SINCE Covid-19 took hold of the UK, there has been a rash of articles on how this terrible health crisis could change the way we live our lives in the future for the better.

Much of this desire for change and renewed calls for fairness and equality have focused on aspects of our society that have been fragmented and broken by Conservative ideology this past decade – austerity, food banks, welfare cuts, child poverty, employment inequality, the nasty hostile immigration environment and the slow and insidious dissection of our NHS.

Even certain ministers instrumental in this decay of vital support have voiced their concern. Former UK health secretary Jeremy Hunt has publicly admitted he shouldn’t have cut social care or failed to train enough nurses and doctors. He must also realise that back in 2017, whether he was personally part of it or not, the decision to ignore the recommendation that all frontline NHS staff be given protective equipment during a flu epidemic as it was deemed too costly was a terrible and deadly mistake.

This is the reality of balancing the books without understanding the bigger picture. For every governmental spreadsheet and pie chart explaining their reasoning and charting the result, there’s a family on the edge, a vulnerable person abandoned and alone, a child without hot meals and adequate shelter. Now there are doctors and nurses working without proper protection, without enough equipment or beds to keep the sick alive and comfort the dying.

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Of course, outside of the Westminster bubble, this has been obvious to huge swathes of the UK battling against these draconian austerity measures to help others in desperate need or those going without meals to make sure their children can be fed. For many, the reality of decisions brain-stormed in stately retreats or wrestled with in wood-panelled rooms is a far cry from ministerial blue-sky thinking.

The terrible divisions in society are their lived experience. Now cutbacks and savings have left key workers, the most important and vital workers in our society right now, exposed to illness and possible death.

With Covid-19, all has “changed utterly”, to paraphrase WB Yeats. What happens when all this is past, and we pick up the pieces of our lives will be a vital turning point in our history. We’re only all in it together now because the virus cares not for privilege or wealth, for advantage or vulnerability, for colour or creed. But – and this is the real question – will we still all be in it together once the horror has faded and the threat subsides? Nowhere is this more obvious than in what is happening to our doctors and nurses on the frontline of the battle against the coronavirus. Just this week, three doctors have died while caring for patients with Covid-19. Dr Habib Zaidi, Dr Amged El-Hawrani and Dr Adil El Tayar all tested positive for the virus. These selfless medics have given their lives in order to save others. They are real heroes in a world which has devalued the term. To mention that these men were all Muslims and all from immigrant families has brought down a battery of criticism on social media and in the written press about politicising their unnecessary deaths.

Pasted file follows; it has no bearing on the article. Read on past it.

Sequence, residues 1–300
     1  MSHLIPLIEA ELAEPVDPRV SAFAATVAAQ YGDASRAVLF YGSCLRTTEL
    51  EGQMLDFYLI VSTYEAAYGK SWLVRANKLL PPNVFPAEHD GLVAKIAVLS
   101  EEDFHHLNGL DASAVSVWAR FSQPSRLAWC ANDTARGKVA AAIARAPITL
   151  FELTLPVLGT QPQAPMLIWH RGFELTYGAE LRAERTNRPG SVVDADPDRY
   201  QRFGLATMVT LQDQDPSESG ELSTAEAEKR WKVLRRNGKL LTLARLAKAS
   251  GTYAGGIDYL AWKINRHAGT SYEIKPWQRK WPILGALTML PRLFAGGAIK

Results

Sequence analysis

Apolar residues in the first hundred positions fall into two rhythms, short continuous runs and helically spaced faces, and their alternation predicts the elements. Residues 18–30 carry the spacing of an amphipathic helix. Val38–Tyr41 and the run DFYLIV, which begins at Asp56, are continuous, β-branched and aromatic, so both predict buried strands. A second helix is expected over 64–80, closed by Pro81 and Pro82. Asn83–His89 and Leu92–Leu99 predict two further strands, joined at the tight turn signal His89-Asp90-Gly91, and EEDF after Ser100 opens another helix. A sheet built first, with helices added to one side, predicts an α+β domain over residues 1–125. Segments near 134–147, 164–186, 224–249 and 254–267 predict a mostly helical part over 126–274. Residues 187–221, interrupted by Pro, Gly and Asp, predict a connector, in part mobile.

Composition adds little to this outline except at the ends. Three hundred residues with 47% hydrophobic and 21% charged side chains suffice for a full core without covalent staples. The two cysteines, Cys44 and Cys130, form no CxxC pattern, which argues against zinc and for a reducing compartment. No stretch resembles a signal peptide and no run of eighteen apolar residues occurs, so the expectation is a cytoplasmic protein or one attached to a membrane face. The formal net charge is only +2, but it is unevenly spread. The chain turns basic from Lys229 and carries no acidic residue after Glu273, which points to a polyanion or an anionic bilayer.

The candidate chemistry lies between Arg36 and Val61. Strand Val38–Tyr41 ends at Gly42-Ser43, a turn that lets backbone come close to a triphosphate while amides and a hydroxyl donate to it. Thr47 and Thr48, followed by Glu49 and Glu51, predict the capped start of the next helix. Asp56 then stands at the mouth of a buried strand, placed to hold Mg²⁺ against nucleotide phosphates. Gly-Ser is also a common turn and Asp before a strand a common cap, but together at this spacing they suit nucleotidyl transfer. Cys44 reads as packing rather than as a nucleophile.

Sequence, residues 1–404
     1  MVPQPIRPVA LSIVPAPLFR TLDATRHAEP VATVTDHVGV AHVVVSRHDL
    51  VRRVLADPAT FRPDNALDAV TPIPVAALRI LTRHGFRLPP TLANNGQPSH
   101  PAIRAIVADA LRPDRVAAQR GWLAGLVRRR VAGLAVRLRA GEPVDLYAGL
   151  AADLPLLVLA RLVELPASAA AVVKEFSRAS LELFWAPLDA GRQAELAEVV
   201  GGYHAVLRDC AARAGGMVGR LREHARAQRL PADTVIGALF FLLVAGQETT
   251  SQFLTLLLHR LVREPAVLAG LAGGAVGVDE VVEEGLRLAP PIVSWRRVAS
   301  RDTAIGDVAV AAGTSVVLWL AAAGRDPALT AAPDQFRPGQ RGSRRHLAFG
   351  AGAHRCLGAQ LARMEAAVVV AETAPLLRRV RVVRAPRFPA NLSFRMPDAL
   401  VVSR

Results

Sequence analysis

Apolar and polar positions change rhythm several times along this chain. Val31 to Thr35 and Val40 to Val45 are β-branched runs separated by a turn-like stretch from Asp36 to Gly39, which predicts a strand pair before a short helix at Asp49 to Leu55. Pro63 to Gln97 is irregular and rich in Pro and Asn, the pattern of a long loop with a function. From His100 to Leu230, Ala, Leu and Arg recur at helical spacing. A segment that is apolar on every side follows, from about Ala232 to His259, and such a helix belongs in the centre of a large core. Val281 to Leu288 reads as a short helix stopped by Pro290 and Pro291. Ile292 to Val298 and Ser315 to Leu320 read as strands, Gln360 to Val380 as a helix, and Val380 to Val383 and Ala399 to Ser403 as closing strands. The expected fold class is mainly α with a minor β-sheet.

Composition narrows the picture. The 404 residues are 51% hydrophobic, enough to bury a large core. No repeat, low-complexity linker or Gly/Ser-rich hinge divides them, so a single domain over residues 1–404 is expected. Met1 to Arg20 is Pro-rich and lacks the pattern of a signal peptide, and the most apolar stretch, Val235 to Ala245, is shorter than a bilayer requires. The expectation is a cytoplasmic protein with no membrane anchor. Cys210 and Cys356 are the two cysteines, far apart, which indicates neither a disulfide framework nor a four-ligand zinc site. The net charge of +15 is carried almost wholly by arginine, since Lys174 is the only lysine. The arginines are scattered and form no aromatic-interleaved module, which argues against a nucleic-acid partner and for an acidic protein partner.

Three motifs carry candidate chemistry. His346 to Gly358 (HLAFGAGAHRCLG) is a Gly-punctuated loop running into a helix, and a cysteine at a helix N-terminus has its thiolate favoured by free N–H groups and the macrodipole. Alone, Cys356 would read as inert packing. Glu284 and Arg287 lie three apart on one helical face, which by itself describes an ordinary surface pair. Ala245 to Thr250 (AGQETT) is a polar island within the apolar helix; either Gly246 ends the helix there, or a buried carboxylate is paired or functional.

But this angry reaction has only come from certain corners of British society, the corners where prejudice and bigotry make their homes, the us-and-them armchair agitators who get their “facts” from the Murdoch media and ignore evidence-based research which shows just how much immigrants contribute to British society and the economy.

Because, in truth, race and prejudice are political matters, especially when the government of the day is led by a man who has form on whipping up intolerance of minorities and has knowingly used ethnicity and religion as scapegoats for problems in our society.

I believe it is important to highlight these deceased doctors’ religion and origin. Because it shows the vital and pivotal role ethnic minorities play in our society, despite all the odds stacked up against them. These include the threats of deportation; the spike in hate crimes after the Brexit referendum; the hostile environment policy pursued with vigour by Theresa May when she was home secretary; the petty and small-minded new immigration policy unveiled by Priti Patel just some weeks ago with its focus on so called “skilled workers”.

In light of where we are now, and the horrendous loss of life we are facing, we should be valuing their contribution, we should be celebrating their skills and talent, we should be glad that they are in it together with the rest of us.

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When all this is past, I hope and I pray things will indeed change and change utterly. That we never go back to the position to which we have been reduced in Brexit Britain. I hope we never return to such simplistic, subjective, knee-jerk, finger-pointing ignorance, the scapegoating and the fear.

I hope we give the divisive dissenters and racist rabble-rousers a run for their money, I hope we challenge every ignorant and stupid comment they make until their audience and reach dwindles to barely a whisper. I hope we never tolerate another UK government so divorced from reality, so cold and distant in its decision making, so opposed to community and helping the most vulnerable while prioritising the wealthy.

And I hope we rediscover the importance of shared values of common decency, co-operation, togetherness, honour, respect and responsibility.

Because with hope comes life.

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